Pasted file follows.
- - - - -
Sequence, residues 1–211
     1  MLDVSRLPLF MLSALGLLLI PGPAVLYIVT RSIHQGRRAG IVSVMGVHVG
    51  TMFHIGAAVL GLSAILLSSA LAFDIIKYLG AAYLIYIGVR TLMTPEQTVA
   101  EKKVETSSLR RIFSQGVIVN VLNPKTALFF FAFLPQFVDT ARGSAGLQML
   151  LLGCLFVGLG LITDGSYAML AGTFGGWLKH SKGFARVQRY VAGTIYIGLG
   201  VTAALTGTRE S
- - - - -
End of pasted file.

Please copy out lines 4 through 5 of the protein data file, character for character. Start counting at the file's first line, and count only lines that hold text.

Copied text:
   101  EKKVETSSLR RIFSQGVIVN VLNPKTALFF FAFLPQFVDT ARGSAGLQML
   151  LLGCLFVGLG LITDGSYAML AGTFGGWLKH SKGFARVQRY VAGTIYIGLG